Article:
So I'm looking at the schematics of the Arduino Micro and I have a few questions.

  1. On their website, Arduino claims that:

The Micro can be powered via the micro USB connection or with an external power supply. The power source is selected automatically.

I'm looking at their schematics, and more specifically here: Voltages area of the Micro

And can't really understand how T1 works, assuming only USB is connected. If there is no Vin, how is there any Vgs voltage, and how does the transistor T1 open/close?

  1. What is the function of the Diode D2?

Diode D2?

Thank you.

  • 1
    \$\begingroup\$ I suspect they are just relying on the intrinsic diode of T1. \$\endgroup\$
    – Joren Vaes
    Jun 17, 2018 at 5:51
  • \$\begingroup\$ @JorenVaes I thought so too, but that just means there is voltage on the drain and source. What about the gate? \$\endgroup\$
    – nettek
    Jun 17, 2018 at 5:54
  • 3
    \$\begingroup\$ There's a 10k resistor to ground on the gate of T1. Presumably, that pulls the gate to ground when there's no voltage on Vin. \$\endgroup\$
    – JRE
    Jun 17, 2018 at 6:02
  • \$\begingroup\$ @JRE Wow I did not notice that... now it makes sense. Thanks! \$\endgroup\$
    – nettek
    Jun 17, 2018 at 6:10
  • 1
    \$\begingroup\$ One of the disadvantages of chopping up a schematic with tags. It makes it less cluttered, but obscures some of the connections. \$\endgroup\$
    – JRE
    Jun 17, 2018 at 6:12

1 Answer 1


When 5 V is available and Vin is not available

  1. In the beginning only the body diode of T1 conducts.
  2. Hence, there will be (5V - diode drop) at the source of T1.
  3. that is only momentary,because, now we have a valid Source voltage. Gate is pulled low to ground via R9 (10kohm).
  4. Now, Since, Vgs is more negative, PMOS is ON. Once it is on, diode gets bypassed by the MOSFET. Hence, one will get almost 5V finally for the 3.3 V regulator .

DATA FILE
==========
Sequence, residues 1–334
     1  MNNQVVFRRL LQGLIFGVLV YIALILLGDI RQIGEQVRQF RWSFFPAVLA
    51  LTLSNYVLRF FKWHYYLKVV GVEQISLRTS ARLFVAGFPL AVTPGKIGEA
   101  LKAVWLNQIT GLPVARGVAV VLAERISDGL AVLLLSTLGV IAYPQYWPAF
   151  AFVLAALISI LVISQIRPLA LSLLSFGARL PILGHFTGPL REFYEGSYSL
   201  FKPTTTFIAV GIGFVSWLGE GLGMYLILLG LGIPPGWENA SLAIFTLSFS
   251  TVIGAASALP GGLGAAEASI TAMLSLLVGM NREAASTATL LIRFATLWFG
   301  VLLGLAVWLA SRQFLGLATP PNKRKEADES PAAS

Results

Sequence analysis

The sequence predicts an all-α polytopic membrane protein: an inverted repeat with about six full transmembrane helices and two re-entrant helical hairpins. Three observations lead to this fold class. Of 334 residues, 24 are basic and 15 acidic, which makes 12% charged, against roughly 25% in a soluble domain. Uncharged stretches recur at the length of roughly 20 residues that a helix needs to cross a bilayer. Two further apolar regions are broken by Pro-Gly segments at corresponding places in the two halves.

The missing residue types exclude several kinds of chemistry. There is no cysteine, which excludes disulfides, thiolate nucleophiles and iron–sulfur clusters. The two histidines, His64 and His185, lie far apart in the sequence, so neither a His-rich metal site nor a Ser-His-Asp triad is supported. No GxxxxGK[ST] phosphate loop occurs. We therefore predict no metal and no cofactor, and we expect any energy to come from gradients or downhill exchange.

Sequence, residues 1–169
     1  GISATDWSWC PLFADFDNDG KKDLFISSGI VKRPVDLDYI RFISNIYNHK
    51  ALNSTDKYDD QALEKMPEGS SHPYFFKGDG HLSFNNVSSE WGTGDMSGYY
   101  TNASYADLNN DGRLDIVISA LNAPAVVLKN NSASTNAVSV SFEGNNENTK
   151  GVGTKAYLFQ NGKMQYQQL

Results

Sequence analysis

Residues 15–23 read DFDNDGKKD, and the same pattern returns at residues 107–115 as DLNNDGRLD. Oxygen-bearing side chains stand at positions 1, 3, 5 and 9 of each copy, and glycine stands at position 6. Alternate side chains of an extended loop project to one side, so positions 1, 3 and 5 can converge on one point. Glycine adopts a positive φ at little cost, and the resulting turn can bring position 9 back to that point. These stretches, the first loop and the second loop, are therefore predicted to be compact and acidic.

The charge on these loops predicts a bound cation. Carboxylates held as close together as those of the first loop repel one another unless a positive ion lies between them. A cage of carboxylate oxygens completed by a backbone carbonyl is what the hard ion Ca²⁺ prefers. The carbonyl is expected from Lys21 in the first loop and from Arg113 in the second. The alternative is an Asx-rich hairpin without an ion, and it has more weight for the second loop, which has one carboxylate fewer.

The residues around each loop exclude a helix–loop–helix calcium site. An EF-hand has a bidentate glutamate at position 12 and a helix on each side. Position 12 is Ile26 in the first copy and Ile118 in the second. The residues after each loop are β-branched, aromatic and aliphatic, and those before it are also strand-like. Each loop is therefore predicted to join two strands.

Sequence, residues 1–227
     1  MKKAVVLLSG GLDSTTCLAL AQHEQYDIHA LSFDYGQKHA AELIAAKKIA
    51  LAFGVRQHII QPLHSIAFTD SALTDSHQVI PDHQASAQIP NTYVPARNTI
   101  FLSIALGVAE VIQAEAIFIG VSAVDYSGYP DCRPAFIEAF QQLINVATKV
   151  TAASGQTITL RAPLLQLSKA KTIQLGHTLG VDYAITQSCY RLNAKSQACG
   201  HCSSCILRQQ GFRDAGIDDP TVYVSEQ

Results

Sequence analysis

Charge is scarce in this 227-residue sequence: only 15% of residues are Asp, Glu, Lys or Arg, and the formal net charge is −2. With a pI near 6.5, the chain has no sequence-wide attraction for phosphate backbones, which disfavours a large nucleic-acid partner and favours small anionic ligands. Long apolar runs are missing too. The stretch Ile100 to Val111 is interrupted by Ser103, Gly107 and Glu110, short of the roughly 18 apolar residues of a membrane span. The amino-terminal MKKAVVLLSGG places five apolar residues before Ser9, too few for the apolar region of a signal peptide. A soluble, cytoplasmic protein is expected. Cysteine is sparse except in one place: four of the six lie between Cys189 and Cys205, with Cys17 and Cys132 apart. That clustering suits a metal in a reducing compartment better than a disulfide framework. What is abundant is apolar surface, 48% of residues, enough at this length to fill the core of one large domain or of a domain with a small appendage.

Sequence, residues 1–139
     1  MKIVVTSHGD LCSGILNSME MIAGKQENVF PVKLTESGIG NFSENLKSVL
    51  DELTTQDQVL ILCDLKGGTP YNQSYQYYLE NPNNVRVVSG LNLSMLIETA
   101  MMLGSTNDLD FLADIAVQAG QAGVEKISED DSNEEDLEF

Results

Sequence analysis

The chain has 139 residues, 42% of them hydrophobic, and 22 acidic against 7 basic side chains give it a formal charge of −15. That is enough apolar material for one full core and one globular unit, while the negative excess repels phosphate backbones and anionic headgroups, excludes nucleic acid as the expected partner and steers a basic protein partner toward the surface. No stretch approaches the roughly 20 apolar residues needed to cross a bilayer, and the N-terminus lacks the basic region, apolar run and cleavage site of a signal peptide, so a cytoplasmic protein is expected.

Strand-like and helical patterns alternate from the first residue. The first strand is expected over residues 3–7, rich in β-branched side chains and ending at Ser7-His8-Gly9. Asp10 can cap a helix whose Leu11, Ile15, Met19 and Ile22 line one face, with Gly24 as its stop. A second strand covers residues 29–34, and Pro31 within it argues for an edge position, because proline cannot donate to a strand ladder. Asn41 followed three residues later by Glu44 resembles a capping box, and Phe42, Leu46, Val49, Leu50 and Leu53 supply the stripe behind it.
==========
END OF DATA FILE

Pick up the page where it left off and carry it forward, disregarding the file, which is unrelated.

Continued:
5. One can assume, the low on-resitance of PMOS will certainly create very low ohmic drop.

When 5 V is available and Vin is also available

  1. The body diode may conduct in the beginning if 5 V is plugged in first.
  2. The MOSFET too may turn on sooner and provide almost 5 V to 3.3 V regulator
  3. As soon as Vin is connected (assuming that Vin is greater than 5 V), the MOSFET turns off because VGS is no more a negative value.
  4. The current from USB will no longer be used because, the strong 5 V is available from 5 V regulator which is now powered from Vin.

When 5 V is not available and Vin is available

  1. T1 will not be in the picture
  2. T2 body diode can conduct and supply Vin to the U2 ( 5V regulator)
  3. 5 V regulator will feed the 3.3 V regulator as previous case

Function of D2

There is a reset switch. Any spike arising out of the reset switch due to debounce can be sometimes higher than 5 V supply itself. This may inherently cause damage to the RESET pin of the MCU. Hence, placing the diode will start to conduct when voltage higher than 5.4 V (example) is present at the output of the switch.

Consider it like a clamping circuit and clamping voltage is set to 5 V plus the forward voltage of the diode.

Normally, there will also be diodes internal to the MCU pin for protection, but placing the external diode is definitely a good practice. The internal one is for emergency use only, i would say.

  • \$\begingroup\$ Thanks. What about the D2 diode? \$\endgroup\$
    – nettek
    Jun 17, 2018 at 6:46
  • \$\begingroup\$ just a tip - it is good practice to wait for a few good answers or review of existing answer before accepting.. you may miss a different view on the problem because of that. \$\endgroup\$
    – User323693
    Jun 17, 2018 at 6:46
  • \$\begingroup\$ Please see update about D2 \$\endgroup\$
    – User323693
    Jun 17, 2018 at 6:50

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